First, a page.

I've heard this stated as a fact more times than I can keep track of, but I haven't been able to find papers that actually demonstrate this. This seems to be the most cited paper on the topic, but it ...
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1answer
5k views

What's the difference between executive functions and cognitive control?

I suspect that the difference between these terms may vary from researcher to researcher, since the wikipedia page treats them as synonymous. What's the difference between executive functioning and ...
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1answer
150 views

Is is possible to “delete” a memory permanently?

If cognitive memory is compared to computer memory, then is it possible to purposefully and permanently forget a specific memory, using known technologies and methodologies?
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How are the brains of mathematicians different from typical people?

As a biomedical sciences student who also minors in Mathematics, I am often amazed by some of my classmates who really appear to be born for Mathematics (with regards to both their abilities and ...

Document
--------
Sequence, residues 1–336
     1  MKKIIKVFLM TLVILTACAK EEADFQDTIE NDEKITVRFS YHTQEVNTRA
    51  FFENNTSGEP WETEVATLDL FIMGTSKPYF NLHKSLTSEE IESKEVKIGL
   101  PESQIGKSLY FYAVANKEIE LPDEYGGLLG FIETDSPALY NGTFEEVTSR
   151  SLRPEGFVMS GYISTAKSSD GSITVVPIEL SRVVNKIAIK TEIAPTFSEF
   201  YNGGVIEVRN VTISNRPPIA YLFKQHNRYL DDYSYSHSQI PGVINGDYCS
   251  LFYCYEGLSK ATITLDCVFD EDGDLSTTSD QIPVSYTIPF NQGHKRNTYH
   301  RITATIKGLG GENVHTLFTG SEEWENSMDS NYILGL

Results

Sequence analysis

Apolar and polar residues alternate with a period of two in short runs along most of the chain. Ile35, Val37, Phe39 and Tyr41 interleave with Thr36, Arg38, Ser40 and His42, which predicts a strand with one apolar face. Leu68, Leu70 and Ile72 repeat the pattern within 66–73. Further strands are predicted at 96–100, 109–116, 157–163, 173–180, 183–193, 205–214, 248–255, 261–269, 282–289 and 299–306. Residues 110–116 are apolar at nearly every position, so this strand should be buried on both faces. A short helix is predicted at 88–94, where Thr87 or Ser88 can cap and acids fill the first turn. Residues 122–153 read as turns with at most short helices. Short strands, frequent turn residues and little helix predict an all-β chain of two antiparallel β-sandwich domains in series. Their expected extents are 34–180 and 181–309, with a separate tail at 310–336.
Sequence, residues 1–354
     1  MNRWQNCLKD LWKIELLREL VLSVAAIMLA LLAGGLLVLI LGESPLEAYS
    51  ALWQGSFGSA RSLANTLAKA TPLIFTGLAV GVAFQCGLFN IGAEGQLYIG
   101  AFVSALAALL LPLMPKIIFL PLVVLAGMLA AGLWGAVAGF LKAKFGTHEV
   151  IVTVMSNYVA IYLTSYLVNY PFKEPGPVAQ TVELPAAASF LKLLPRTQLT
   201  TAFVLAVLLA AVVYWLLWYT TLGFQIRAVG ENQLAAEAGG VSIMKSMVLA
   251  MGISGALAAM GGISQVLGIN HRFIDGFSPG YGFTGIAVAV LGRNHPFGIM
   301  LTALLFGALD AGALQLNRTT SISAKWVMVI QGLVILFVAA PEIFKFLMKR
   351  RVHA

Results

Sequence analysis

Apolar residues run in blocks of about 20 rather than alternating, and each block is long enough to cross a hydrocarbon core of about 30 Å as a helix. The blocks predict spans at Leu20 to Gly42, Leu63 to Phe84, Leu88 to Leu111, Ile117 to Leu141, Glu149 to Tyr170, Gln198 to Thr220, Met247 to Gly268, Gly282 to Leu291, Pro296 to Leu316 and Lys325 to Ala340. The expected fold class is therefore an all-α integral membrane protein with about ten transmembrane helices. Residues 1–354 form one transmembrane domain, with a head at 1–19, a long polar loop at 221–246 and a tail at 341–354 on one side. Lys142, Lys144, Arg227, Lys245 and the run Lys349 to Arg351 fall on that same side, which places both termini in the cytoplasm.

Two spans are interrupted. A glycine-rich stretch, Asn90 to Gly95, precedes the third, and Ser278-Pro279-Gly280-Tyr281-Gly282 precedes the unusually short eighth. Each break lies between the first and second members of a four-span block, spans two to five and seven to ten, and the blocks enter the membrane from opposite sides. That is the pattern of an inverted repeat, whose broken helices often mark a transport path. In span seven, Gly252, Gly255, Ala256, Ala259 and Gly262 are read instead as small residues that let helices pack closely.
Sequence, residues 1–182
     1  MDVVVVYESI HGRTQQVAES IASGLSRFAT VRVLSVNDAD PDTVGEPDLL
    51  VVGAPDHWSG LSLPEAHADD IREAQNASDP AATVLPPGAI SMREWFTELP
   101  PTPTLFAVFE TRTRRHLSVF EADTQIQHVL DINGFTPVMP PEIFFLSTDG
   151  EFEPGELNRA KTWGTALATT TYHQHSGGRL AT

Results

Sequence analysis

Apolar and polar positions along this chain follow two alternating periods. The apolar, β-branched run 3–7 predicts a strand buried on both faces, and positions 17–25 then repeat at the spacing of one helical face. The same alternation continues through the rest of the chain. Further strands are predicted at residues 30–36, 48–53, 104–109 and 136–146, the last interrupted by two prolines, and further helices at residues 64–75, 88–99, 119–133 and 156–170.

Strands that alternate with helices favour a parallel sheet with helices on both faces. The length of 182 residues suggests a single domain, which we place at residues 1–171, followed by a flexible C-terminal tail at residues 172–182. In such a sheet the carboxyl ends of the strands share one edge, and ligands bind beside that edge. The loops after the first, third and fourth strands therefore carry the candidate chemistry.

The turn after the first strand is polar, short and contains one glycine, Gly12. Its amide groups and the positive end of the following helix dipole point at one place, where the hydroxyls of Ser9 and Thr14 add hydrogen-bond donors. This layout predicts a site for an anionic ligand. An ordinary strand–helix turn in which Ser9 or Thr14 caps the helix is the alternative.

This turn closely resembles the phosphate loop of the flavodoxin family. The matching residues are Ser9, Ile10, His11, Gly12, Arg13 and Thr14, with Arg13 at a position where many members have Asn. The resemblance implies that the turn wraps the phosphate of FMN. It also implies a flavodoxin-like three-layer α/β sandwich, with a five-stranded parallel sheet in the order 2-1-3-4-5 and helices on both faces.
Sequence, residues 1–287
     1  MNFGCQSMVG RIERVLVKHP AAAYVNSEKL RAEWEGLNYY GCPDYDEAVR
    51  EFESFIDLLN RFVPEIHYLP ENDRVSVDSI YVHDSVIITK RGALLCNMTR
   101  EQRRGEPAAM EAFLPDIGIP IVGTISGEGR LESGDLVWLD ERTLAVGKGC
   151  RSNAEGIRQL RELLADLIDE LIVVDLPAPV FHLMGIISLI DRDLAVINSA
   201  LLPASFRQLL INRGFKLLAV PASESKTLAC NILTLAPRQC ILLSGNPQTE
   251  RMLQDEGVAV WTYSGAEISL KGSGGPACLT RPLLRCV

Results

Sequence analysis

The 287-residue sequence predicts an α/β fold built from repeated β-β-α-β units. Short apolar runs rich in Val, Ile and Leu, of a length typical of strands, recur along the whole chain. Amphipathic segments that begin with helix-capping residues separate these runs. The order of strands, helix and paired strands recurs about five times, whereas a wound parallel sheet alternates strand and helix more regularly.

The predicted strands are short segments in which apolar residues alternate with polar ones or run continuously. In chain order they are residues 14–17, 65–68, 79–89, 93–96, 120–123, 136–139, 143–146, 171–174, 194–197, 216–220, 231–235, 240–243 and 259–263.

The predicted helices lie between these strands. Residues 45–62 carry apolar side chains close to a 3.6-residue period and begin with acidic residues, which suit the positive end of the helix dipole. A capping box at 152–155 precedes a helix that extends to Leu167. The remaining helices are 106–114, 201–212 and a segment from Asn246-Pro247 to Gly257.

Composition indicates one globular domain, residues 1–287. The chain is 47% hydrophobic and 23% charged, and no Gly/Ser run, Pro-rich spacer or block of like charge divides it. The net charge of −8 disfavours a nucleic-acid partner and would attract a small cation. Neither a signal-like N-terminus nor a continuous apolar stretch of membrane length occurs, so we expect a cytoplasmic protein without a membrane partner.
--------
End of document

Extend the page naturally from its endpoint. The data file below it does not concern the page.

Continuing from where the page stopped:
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Reference request: Parkinson's disease book [closed]

I am about start a project on computational modelling of basal ganglia in the context of motor problems in Parkinson's disease. My background is mostly on computational side (and some neuroscience too)...
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0answers
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Since we know the 5ht2a receptor impacts learning efficiency why has stimulating it not been tried for alleviating learning disabilities?

If you go on wikipedia or do a search on Google you can quickly find a bunch of articles on the importance of serotonin for impacting the efficacy of learning. Experiments have been run in mice for ...
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1answer
54 views

If a specific neuron is present in my brain, will it be present in another person's brain?